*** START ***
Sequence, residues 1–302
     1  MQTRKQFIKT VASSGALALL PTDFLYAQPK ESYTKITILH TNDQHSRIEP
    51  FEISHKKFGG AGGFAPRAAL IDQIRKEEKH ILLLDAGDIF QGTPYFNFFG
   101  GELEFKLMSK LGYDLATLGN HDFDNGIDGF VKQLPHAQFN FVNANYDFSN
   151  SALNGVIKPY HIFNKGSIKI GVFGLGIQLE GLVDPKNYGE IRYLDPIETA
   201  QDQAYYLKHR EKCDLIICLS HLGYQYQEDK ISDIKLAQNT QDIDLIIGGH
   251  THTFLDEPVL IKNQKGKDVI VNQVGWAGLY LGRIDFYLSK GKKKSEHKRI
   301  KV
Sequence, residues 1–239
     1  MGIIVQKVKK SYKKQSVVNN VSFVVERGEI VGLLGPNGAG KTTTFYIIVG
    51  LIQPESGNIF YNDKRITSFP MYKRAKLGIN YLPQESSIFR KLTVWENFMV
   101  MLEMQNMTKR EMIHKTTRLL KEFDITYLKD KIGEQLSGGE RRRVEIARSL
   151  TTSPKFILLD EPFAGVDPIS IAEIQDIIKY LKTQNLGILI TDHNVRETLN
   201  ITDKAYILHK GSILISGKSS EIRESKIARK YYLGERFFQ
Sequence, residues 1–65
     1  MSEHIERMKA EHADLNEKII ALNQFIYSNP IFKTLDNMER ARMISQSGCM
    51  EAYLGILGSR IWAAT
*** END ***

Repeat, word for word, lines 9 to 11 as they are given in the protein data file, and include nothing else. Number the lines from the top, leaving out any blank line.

Sequence, residues 1–239
     1  MGIIVQKVKK SYKKQSVVNN VSFVVERGEI VGLLGPNGAG KTTTFYIIVG
    51  LIQPESGNIF YNDKRITSFP MYKRAKLGIN YLPQESSIFR KLTVWENFMV